While you were never married to your children's other parent, you may have only recently decided to break up with him or her, thus placing you in a position that is sort of like being divorced, but not. When your ex warned you that he or she was going to sue you for custody, you knew the months ahead were likely going to be quite stressful. Fighting a child custody battle as a single parent can be quite challenging.
What is the difference between community and separate property?
There's one thing all couples getting divorced in Arizona need to face and agree upon or fight over in court. Their stuff-specifically who gets what.Division of property in an Arizona divorce, as its name implies, splits up the couple's assets so that each partner moves forward into their single, unmarried life with
The following is a list of "Do's" and "Don'ts" which, if followed, will save you from a lot of headaches in the future. Because you are already reading this website, you are well on your way to making an informed and educated decision regarding your Divorce in Arizona or other Family Law matters. Now take the next step and call Steven E. Sufrin to set up a free initial consultation today!
Going through the divorce process is an emotional, stressful time in a person's life, which is even made even more difficult when the divorce is a "bad" one. According to one counselor and mental health consultant, Diana Dodson, divorcing couples need to learn how to have a more amenable divorce, especially when there are children involved. Dr. Dodson states that it is difficult for divorcing couples to not have feelings of anger, getting even with the ex-spouse, blaming the spouse for the marriage problems, not accepting responsibility for the marriage break-up, denying problems exist, putting children in the middle, feeling like a failure or feeling rejected.
We have three changes in Arizona family law to report. Two bills were recently signed into law and the Arizona Child Support Guidelines have been revised. Take a look at what's new half-way into 2018.
If you have children, the holidays are probably a busy time of year. Holiday parties, pageants and other activities keep you and the other parent hopping. The whirlwind of activity probably begins the moment you start planning your Thanksgiving meal.
All of this could provide a great deal of stress for any family, but you and your ex-spouse may still be working on a way to co-parent amicably and sometimes struggle to keep this relationship intact. This means extra stress for you and the other parent as you try to work through it all while providing the kids with a joyous and fun holiday season.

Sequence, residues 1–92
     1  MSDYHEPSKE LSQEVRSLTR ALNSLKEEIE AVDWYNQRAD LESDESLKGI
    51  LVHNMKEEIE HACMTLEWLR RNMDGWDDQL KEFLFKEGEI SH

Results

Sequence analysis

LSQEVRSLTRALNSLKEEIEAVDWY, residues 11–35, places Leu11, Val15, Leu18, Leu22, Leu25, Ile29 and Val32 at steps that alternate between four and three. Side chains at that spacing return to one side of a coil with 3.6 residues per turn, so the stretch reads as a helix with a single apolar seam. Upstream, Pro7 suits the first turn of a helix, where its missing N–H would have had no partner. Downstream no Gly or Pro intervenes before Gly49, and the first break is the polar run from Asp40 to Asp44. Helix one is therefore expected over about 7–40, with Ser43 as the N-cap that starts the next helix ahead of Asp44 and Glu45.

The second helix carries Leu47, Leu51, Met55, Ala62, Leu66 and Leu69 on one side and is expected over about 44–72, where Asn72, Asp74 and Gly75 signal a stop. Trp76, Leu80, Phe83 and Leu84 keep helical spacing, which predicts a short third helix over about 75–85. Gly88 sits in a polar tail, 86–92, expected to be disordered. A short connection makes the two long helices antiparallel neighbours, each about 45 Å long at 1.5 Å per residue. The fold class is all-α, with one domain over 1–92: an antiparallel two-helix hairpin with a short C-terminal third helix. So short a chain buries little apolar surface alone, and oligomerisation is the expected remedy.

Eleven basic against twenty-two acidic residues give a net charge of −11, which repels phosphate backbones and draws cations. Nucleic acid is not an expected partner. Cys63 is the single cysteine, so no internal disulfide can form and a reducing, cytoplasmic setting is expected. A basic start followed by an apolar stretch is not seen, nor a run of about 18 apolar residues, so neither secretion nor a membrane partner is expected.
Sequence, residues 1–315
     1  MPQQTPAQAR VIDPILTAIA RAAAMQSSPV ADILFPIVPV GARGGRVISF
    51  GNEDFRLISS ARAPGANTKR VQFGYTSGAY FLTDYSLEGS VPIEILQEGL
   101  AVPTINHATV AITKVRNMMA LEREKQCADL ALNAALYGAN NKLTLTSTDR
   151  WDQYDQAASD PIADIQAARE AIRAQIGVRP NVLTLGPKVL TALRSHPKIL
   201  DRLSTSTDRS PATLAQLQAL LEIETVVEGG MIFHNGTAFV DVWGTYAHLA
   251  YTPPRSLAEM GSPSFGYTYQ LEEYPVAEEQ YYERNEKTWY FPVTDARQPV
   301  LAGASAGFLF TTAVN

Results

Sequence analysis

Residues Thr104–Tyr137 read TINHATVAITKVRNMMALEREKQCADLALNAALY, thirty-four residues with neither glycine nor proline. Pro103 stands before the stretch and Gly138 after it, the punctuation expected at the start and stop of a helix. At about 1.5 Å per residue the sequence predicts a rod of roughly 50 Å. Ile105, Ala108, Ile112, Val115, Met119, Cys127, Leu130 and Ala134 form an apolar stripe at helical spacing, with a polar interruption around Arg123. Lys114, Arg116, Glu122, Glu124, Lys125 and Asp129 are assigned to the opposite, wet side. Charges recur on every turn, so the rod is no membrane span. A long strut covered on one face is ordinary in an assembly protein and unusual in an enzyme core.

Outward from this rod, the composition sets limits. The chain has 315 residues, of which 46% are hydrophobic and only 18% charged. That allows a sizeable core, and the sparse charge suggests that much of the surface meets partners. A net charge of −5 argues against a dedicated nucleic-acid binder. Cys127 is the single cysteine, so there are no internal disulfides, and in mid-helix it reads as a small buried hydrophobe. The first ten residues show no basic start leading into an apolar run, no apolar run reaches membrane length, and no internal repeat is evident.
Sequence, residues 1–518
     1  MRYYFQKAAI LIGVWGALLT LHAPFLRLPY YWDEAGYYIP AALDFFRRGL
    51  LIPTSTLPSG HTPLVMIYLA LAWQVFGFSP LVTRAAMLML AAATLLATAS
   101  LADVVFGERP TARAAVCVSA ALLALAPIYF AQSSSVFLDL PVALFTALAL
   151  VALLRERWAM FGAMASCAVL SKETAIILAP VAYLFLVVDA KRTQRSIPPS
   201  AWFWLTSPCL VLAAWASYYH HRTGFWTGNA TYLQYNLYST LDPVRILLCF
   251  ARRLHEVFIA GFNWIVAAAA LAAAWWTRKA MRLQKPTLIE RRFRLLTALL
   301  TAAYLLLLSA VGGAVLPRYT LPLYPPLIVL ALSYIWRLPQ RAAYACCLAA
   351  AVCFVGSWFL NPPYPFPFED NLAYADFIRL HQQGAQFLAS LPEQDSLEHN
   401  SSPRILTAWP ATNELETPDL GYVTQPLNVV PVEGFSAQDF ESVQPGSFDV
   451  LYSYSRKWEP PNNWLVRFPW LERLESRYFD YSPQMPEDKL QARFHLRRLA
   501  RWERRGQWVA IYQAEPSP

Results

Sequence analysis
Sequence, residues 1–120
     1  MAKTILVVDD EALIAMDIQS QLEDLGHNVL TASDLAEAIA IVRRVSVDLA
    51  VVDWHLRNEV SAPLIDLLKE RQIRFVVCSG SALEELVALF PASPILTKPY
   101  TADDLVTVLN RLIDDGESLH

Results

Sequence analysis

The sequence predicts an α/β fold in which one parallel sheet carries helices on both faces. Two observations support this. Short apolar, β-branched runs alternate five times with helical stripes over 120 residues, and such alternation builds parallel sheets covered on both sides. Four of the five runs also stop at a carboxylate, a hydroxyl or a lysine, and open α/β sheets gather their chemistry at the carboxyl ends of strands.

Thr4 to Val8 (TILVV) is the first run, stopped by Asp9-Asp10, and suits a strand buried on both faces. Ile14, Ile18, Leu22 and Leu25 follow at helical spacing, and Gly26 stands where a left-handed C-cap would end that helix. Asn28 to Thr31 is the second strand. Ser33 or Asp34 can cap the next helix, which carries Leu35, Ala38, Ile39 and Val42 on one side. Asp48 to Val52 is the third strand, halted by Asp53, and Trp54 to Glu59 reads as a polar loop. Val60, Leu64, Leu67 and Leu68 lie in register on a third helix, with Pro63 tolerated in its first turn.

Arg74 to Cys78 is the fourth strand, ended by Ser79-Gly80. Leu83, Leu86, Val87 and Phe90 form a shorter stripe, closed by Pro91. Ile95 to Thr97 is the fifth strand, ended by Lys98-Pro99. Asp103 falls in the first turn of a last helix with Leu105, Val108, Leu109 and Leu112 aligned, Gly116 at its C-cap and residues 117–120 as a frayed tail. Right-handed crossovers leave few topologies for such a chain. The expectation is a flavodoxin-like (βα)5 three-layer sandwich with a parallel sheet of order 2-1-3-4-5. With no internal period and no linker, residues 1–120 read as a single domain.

Take the Needed Time: Many children of blended families have survived a painful divorce or seperation. So have their parents, and if there is an attempt to get a blended family settled, then at least one of their parents has survived the aftermath of divorce and found a new relationship. In this circumstance, it's often tempting to rush into a new marriage and blend two families without a lot of preparatory work or simply time. If you remember to take your time, you will find that it's easier for everyone to grow accustomed to each other as well as grow accustomed to the idea of the new marriage.
Baby boomers are ending their marriages at record rates, according to new data from the American Academy of Matrimonial Lawyers (AAML). The AAML polled its 1,600 members and found that among the respondents, 61 percent said they have seen an increase in divorce cases among the over-50 set, with 22 percent reporting that wives initiate the splits most often. In a press release, Alton Abramowitz, president of the AAML, explained the significance of their findings. "Baby Boomers have regularly been catalysts for social change and getting divorced in their later years appears to be one of the most recent trends," Abramowitz said. "Alimony, business interests, and retirement accounts certainly represent some of the main concerns that need to be addressed and settled for spouses facing the end of their marriages in this over 50-year-old age group."
Also known as a "gray divorce," ending a marriage after 50 can be more financially burdensome than divorcing at a younger age, particularly because social security benefits and retirement funds come into play. And even though the national divorce rate has dropped in recent years, the divorce rate among baby boomers has nearly doubled, according to the National Center for Family & Marriage Research at Bowling Green State University.